More Stories By Jason Bloomberg

Jason Bloomberg is a leading IT industry analyst, Forbes contributor, keynote speaker, and globally recognized expert on multiple disruptive trends in enterprise technology and digital transformation. He is ranked #5 on Onalytica’s list of top Digital Transformation influencers for 2018 and #15 on Jax’s list of top DevOps influencers for 2017, the only person to appear on both lists.

As founder and president of Agile Digital Transformation analyst firm Intellyx, he advises, writes, and speaks on a diverse set of topics, including digital transformation, artificial intelligence, cloud computing, devops, big data/analytics, cybersecurity, blockchain/bitcoin/cryptocurrency, no-code/low-code platforms and tools, organizational transformation, internet of things, enterprise architecture, SD-WAN/SDX, mainframes, hybrid IT, and legacy transformation, among other topics.

Mr. Bloomberg’s articles in Forbes are often viewed by more than 100,000 readers. During his career, he has published over 1,200 articles (over 200 for Forbes alone), spoken at over 400 conferences and webinars, and he has been quoted in the press and blogosphere over 2,000 times.

Mr. Bloomberg is the author or coauthor of four books: The Agile Architecture Revolution (Wiley, 2013), Service Orient or Be Doomed! How Service Orientation Will Change Your Business (Wiley, 2006), XML and Web Services Unleashed (SAMS Publishing, 2002), and Web Page Scripting Techniques (Hayden Books, 1996). His next book, Agile Digital Transformation, is due within the next year.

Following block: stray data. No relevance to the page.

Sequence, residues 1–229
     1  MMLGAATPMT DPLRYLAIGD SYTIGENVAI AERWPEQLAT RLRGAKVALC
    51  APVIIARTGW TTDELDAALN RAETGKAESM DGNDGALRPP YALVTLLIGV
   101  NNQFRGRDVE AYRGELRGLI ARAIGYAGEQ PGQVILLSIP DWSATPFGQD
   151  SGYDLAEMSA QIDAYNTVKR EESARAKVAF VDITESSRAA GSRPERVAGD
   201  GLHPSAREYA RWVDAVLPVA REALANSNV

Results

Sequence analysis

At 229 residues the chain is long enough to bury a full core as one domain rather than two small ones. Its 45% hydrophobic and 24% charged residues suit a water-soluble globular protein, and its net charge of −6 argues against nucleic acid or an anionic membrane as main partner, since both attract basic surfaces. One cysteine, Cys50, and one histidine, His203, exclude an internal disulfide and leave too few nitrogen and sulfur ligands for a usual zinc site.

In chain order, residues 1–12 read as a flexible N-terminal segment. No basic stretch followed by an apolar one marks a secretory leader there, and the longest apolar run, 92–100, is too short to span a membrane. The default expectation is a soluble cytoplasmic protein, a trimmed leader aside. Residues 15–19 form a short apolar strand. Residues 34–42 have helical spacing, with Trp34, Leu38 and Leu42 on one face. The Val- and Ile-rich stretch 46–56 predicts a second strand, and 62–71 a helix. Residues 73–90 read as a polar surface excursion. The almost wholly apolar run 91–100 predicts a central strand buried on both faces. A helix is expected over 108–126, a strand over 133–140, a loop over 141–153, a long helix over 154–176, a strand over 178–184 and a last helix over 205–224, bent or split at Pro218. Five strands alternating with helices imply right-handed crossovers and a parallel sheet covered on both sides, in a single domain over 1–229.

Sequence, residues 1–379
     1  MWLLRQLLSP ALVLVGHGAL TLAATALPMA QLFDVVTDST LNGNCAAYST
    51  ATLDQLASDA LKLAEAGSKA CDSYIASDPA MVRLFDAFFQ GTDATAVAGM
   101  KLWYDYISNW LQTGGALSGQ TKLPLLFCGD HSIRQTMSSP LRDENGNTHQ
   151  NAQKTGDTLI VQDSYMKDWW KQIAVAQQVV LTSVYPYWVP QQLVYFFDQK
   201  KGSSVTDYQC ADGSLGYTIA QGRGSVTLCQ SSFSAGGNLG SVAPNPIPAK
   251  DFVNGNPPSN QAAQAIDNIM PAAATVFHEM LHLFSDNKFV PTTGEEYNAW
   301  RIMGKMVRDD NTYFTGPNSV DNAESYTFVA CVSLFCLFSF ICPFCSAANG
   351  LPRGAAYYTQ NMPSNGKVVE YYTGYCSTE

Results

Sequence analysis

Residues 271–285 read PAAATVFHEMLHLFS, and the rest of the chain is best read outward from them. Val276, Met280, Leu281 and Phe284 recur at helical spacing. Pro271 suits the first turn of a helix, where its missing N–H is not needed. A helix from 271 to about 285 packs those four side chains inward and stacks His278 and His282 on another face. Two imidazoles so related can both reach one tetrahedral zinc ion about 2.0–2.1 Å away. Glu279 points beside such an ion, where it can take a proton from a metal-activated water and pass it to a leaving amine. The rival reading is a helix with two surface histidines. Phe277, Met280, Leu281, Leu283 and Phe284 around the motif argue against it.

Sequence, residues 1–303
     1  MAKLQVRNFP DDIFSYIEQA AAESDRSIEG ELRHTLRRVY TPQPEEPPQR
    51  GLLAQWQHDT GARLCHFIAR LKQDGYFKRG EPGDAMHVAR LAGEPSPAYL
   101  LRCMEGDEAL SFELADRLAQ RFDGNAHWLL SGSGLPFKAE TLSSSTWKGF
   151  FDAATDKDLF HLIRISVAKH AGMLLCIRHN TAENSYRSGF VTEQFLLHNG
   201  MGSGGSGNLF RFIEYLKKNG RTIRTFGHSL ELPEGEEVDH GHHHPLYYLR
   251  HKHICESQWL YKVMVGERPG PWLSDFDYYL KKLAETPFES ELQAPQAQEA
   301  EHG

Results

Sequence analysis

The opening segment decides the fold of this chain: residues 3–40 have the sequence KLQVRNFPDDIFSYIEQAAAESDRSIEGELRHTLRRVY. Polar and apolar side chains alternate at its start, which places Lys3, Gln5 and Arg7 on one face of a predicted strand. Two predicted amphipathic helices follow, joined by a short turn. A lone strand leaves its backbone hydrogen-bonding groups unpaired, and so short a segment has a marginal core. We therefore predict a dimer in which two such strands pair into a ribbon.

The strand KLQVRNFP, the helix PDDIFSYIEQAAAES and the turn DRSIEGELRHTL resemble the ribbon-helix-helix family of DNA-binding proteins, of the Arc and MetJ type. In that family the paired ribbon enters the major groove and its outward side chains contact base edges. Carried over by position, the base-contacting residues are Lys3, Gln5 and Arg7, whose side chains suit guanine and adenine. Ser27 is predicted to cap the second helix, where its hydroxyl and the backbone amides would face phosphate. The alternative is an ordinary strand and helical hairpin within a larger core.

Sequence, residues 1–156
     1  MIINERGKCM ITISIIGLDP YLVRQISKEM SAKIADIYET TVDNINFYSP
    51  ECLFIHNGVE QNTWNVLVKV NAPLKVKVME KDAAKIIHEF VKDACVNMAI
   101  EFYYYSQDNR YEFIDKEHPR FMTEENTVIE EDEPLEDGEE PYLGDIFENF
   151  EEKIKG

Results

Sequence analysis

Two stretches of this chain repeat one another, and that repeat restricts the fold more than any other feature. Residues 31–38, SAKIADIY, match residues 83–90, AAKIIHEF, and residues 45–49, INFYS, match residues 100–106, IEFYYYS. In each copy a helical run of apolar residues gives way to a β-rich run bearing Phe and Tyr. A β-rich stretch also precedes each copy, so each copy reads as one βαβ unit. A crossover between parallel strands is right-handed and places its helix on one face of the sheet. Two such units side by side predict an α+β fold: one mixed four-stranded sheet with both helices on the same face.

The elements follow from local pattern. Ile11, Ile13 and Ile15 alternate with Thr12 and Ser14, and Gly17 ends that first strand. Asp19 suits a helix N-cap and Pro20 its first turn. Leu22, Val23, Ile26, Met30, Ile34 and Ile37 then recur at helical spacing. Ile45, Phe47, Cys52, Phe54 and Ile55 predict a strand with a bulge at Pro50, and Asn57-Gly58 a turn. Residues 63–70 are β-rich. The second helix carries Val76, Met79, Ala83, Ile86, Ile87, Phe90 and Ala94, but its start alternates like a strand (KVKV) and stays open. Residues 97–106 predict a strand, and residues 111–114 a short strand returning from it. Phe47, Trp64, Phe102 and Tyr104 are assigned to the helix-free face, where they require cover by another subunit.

At SOA-focused industry analyst firm ZapThink from 2001 to 2013, Mr. Bloomberg created and delivered the Licensed ZapThink Architect (LZA) Service-Oriented Architecture (SOA) course and associated credential, certifying over 1,700 professionals worldwide. He is one of the original Managing Partners of ZapThink LLC, which was acquired by Dovel Technologies in 2011.

Prior to ZapThink, Mr. Bloomberg built a diverse background in eBusiness technology management and industry analysis, including serving as a senior analyst in IDC’s eBusiness Advisory group, as well as holding eBusiness management positions at USWeb/CKS (later marchFIRST) and WaveBend Solutions (now Hitachi Consulting), and several software and web development positions.

Latest Stories
You know you need the cloud, but you’re hesitant to simply dump everything at Amazon since you know that not all workloads are suitable for cloud. You know that you want the kind of ease of use and scalability that you get with public cloud, but your applications are architected in a way that makes the public cloud a non-starter. You’re looking at private cloud solutions based on hyperconverged infrastructure, but you’re concerned with the limits inherent in those technologies.
IoT solutions exploit operational data generated by Internet-connected smart “things” for the purpose of gaining operational insight and producing “better outcomes” (for example, create new business models, eliminate unscheduled maintenance, etc.). The explosive proliferation of IoT solutions will result in an exponential growth in the volume of IoT data, precipitating significant Information Governance issues: who owns the IoT data, what are the rights/duties of IoT solutions adopters towards t...